If generating profit was all you ever needed to worry about when it comes to your business finances, then life would be so much easy. Running a business would be such a joyride. But the reality is, generating enough profit is just one on the list of the things you need to do to keep your business afloat financially. Profit is one side of the coin, and, of course, the equally important other side of the coin is Cash flow. --Cashflow vs Profit
Cash flow is the total amount of money going in and out of a business in a period. In the day to day running of a business, money is spent and received. However, just as making sales does not automatically translate to making profit, making profit does not automatically translate cash inflow. And it certainly does little or nothing at all to stop cash outflow.
Cash flow is only concerned with the money at hand. How much is added to it, and how much is spent out of it. A company could be generating enough profit but not enough cash flow. And this will become a problem when it continues for a long time. Soon enough, the cash inflow will be insufficient to cater to the day to day running of the business. And we all know how that story ends. But that does not have to be your business story. So here are five Reviews to improve your cash flow.
Review your payment plans: payment plans remain an effective sales incentive for customers. But when it begins to hurt your business, then it might not be such a wise decision. It is okay to review your payment plans to generate a higher inflow. You can shorten the plan options, increase the interest and the percentage of downpayment.
Review your pricing: if you are selling for too little, not only is your profit suffering but also your cash inflow. This is not about over-charging your customers. It is about increasing your cash inflow to cater for your outflow and grow your business. However, price review should be reasonable as price hike often results in customer churn.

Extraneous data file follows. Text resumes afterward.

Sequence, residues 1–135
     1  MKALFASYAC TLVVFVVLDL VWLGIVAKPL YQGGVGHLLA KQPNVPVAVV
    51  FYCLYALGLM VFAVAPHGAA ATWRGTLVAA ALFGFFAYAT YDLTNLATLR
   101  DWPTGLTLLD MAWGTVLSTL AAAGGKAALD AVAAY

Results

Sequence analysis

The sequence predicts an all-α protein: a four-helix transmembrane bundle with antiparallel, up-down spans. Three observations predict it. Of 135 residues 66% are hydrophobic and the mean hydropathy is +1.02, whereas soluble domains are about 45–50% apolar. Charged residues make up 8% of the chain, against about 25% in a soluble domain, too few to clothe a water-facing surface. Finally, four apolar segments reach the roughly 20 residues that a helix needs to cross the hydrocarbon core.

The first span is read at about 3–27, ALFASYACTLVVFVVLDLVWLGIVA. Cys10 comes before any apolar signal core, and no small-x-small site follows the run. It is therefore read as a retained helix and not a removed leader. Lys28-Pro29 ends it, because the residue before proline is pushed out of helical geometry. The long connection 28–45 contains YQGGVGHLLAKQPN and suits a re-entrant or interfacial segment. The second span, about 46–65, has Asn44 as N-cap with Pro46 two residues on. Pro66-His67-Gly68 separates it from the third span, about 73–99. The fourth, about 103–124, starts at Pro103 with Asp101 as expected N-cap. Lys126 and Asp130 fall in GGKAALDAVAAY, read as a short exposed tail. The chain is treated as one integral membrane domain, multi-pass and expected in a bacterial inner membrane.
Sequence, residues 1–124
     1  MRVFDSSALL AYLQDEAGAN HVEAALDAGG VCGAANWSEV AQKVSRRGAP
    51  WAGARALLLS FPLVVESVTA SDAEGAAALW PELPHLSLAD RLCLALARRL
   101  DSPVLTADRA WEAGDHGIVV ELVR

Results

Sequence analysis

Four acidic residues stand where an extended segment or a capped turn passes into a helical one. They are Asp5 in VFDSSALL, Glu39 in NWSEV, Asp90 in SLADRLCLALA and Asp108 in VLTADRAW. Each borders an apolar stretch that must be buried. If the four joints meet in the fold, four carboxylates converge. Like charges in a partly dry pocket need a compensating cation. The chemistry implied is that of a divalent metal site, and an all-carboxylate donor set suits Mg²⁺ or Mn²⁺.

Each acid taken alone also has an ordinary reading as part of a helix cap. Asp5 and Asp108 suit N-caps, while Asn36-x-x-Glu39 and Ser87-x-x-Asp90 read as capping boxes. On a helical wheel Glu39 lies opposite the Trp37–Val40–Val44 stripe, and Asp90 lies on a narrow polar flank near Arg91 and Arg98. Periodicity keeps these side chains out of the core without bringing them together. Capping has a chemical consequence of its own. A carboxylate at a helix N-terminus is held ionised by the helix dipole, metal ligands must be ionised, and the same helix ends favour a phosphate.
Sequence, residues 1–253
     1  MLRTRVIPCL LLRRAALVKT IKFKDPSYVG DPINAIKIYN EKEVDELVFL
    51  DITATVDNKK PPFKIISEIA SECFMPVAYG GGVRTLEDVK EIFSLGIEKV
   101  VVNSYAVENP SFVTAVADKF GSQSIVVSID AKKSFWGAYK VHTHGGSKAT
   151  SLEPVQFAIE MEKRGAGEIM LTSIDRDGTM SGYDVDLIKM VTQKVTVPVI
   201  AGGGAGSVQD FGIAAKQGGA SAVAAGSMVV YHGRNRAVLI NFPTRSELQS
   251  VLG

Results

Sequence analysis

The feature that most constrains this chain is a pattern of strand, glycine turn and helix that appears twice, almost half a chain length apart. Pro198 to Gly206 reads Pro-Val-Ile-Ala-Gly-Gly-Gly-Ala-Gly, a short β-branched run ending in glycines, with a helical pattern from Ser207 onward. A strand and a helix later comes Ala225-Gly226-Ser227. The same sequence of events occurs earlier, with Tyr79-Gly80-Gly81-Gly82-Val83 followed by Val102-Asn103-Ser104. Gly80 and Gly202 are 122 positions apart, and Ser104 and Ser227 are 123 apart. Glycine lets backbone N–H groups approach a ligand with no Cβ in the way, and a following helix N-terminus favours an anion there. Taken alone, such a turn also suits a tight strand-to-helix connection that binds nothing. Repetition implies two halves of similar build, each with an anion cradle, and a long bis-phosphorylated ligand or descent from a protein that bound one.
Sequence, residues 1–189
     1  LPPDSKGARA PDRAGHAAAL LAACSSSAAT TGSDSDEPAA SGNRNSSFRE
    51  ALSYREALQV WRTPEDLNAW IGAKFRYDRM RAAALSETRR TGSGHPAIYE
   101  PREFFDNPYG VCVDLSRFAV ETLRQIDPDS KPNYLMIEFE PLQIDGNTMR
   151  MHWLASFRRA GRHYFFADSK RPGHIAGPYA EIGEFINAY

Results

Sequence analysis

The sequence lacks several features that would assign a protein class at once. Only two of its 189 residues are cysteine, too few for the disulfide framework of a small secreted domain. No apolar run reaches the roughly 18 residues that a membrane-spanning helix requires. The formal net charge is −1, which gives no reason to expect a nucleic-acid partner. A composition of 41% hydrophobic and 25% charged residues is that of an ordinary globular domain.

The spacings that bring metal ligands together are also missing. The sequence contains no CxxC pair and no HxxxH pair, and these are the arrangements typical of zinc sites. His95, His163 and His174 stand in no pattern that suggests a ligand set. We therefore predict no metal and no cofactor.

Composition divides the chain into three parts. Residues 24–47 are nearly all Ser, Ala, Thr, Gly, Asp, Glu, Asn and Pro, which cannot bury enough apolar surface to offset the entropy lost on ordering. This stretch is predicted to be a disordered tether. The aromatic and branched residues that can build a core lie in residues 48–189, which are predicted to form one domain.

Review your partners: improving cash flow is not only about increasing inflow. It also entails decreasing your outflow. Review your partners’ pricing, terms of operation, and the value they give. Consider how that is costing you more and what to do about it. This could mean negotiating better pricing, better terms or moving on to a different provider/supplier.
Review your structure: go over your business structure and eliminate the unnecessary. You could replace outdated technologies, rule out unnecessary departments, downsize, or outsource some services. You could also review the work terms to allow some employees work remotely. And if every employee can work remotely, that's even better. This will considerably cut down the cost of running the office every day.
Review your payment methods: payment methods affect our businesses in ways that are easy to miss. Some customers can be discouraged from buying just because you don't have their preferred payment method. It is your job to ensure your customers have everything they need to move to the next stage of the sales funnel. Add more payments methods for customers to choose which they are comfortable with. Most importantly, partner with a PSP that guarantees a seamless experience for your customers.
At Redbilller, we understand the role of payments in building a sales relationship with your customers and in the growth of your business. That is why our primary commitment is to help you provide a seamless payment experience for your customers. Our checkout offers multiple payment options for your customers to use. And our real-time notification enables you to keep track of all payments.
Cash flow and Profit are similar in this regard -just as you cannot make too much profit, you cannot have too much cash inflow. If by any definition you do, it is a good thing. The point is, working to improve your cash flow is a never-ending job. Periodically review your cash flow and look for a way to increase your inflow and reduce your outflow. And whatever strategy you employ, make sure it is with your customers and staff in mind.